Like the old adage says: "Bigger isn't always better, but smaller can be tougher to finance." Or something like that. A handful of downsized developments in Atlanta could be evidence of a trend toward higher-priced boutique condos, as opposed to the monoliths of yesteryear. In a column for the Atlanta Business Chronicle, SkyRise Group vice president Anne Schwall writes that Atlanta's existing condo inventory has been all but depleted (see hotcake sales at Sovereign, 1010 Midtown and the W Downtown Residences, to name a few). Developers in other cities are finding that projects with fewer, but still spacious homes are selling well, offering exclusivity without long elevator waits. Atlanta buyers still crave the maintanence-free lifestyle that condos afford, Schwall writes, but construction financing for condominium starts remains a serious obstacle.
With rents high, apartment towers are still the darlings of post-recession Atlanta, but projects in Ansley Park and Midtown show signs that developers have confidence in the boutique route.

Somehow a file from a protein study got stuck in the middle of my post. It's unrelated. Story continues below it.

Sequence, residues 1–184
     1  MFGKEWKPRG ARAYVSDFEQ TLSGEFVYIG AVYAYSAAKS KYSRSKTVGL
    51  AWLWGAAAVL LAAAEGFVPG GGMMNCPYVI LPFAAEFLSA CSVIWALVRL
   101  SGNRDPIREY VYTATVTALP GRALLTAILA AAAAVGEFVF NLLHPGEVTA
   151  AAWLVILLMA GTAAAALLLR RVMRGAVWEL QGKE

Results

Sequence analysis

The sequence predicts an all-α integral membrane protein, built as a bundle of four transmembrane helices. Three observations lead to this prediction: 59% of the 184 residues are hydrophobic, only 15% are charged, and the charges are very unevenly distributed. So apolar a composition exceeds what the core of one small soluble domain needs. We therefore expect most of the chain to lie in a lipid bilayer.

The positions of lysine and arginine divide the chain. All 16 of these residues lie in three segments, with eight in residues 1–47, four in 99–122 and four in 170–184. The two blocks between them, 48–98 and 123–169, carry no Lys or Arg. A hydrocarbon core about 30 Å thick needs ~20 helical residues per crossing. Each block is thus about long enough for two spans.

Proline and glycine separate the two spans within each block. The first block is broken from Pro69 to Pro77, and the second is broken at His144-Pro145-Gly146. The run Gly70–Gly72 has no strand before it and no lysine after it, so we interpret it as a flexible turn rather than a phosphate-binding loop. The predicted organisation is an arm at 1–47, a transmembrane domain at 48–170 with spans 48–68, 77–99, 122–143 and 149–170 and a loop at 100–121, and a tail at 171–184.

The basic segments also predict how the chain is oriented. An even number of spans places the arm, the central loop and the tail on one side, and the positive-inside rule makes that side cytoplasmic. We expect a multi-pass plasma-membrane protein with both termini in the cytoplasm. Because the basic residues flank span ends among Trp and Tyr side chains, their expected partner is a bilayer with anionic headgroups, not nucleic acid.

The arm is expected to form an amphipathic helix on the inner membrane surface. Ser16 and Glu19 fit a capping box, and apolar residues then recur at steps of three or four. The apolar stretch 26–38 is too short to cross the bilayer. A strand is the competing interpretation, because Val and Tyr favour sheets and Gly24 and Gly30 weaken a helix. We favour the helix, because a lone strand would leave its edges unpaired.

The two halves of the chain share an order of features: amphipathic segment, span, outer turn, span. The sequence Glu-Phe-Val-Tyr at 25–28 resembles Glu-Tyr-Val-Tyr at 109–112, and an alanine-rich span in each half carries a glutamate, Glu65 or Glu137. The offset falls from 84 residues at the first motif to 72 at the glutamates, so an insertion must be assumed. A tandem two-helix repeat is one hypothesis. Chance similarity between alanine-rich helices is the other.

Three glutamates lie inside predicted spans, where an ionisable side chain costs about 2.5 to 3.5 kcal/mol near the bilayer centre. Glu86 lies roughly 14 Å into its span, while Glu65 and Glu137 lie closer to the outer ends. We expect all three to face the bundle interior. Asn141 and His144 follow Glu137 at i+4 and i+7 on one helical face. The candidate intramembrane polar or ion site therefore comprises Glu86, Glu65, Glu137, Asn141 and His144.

At the corner of Piedmont Avenue and 15th Street in Ansley Park, Miller Lowry Developments and Kim King Associates plan to build a condo community of just six homes across the street from Piedmont Park called "Ansley Green," with prices for two-bedroom units starting in the low $600,000s. Elsewhere in Midtown, another modestly sized building called "Seventh" is offering 21 condos, with prices starting in the same neighborhood (mid-$600,000s). And John Wieland has plans for a five-story building on a long-vacant site across from the High Museum of Art. That boutique project, initially planned at 23 stories, could break ground in April, offering merely 48 units.
Schwall points out that for all the exclusivity boutique buildings afford, they can had downsides. Fewer residents could mean larger HOA expenses and less parking, for instance. But maybe, in terms of the city's overall health, boutique is the way to go, plugging gaps until condo financing returns?
[ABOVE: The former One Museum Place vision, scrapped for a much smaller project. Image: skyscraperpage.com]